The final result is not only one of the most ravishing releases of the year, but also one that is inextricably Key. Filled with retro sounds and stirring synths, the six-track collection evokes his lush character, his theatrical wit, and his avant-garde vision of the world. “The most important message that I want to showcase in this album is my identity as a singer, as an artist,” he says. “I’ve told the fans and media that this album is truly a reflection of myself, all my preferences and things that I love combined.”

He wrote the lyrics to two songs in the album — 'Saturday Night' and 'Eighteen (End of My World)' — opposites in a thematic spectrum. “‘Saturday Night’ is fiction, and ‘Eighteen’ is my story,” he explains, adding that the former is about a breakup during the current COVID-19 pandemic, while the latter is a story he’s telling his younger self. “When I debuted, I was 18, so I just wanted to cheer up 18-years-old Key. At the end of the song, [the lyrics] turn to, ‘I would love to watch the end of my world with you.’” He looks down, pausing to think for a second. “It’s like, if the end really comes, I can just watch [it]. That’s not a sad thing for me. I’ll be there with you, so you don’t need to be scared for whatever it is at the end of the tunnel,” he says. “It’s also about living in the moment. 18 is 18, and 30 is 30. I don’t make specific plans, it’s more about following my heart.”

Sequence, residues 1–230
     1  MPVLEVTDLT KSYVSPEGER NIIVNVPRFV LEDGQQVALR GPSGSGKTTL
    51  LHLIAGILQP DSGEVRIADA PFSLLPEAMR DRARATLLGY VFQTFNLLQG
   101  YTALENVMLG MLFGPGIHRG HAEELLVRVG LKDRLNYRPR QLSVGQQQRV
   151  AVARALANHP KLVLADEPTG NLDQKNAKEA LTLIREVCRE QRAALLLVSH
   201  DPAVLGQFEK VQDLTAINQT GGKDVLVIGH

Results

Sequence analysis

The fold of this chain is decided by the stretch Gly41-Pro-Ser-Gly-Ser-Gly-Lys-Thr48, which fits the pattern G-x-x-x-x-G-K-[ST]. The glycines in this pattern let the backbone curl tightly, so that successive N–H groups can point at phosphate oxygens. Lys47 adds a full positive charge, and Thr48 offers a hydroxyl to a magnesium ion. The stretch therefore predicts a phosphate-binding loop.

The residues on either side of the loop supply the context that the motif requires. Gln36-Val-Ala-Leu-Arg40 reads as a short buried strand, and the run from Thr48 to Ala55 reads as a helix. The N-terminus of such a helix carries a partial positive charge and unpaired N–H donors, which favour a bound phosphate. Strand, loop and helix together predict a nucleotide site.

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While Key, the person, prefers to live in the moment, the artist travels in time. Since his solo debut with 2018’s Face, he transits through themes of nostalgia and heartbreak by looking at what once was ('This Life', 'One of Those Nights') and what can still be ('Imagine', 'I Wanna Be', 'Forever Yours'). It’s not surprising that he chose to look at the timelessness of stars for this comeback — a canvas where past, present, and future can coexist.

In the music video for pre-release single 'Hate That', featuring singer and close friend Taeyeon, the alienation of space mirrors that of a painful breakup — feeling so isolated that you might not be part of this world at all. This idea reappears in the single 'Bad Love', where Key, portraying a tormented actor who is living a nightmare both on and off screen, once again is stuck inside a doomed spaceship.

After all, to recall a bad love, or generally bad situations in life, is to confront all that wasn’t. The rockets that didn’t shuttle, the aliens who never showed their true heart, the gloomy silence of a vacuum. But by shedding light into the darkness, Key dares to imagine what else is in store. “I blinked, and I was 30 years old,” he laughs. “Sometimes I think ‘how far will this go?’ Not in a bad way, but more like, how will this go about? What’s going to happen next? I don’t know.”

That doesn’t scare him. Key’s most poignant lesson so far is that the world doesn’t go the way you want it to. “Never! Not even once!” he bursts, enthusiastically raising a finger. He knows that there are many stars yet to come alive in his galaxy, most of them unfathomable right now. “Even if something better comes up, it still wasn’t part of my plan. But you can learn how to figure out everything. I keep that in mind.”

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'Bad Love' EP is out now.

Words: Tássia Assis // @_tassia_a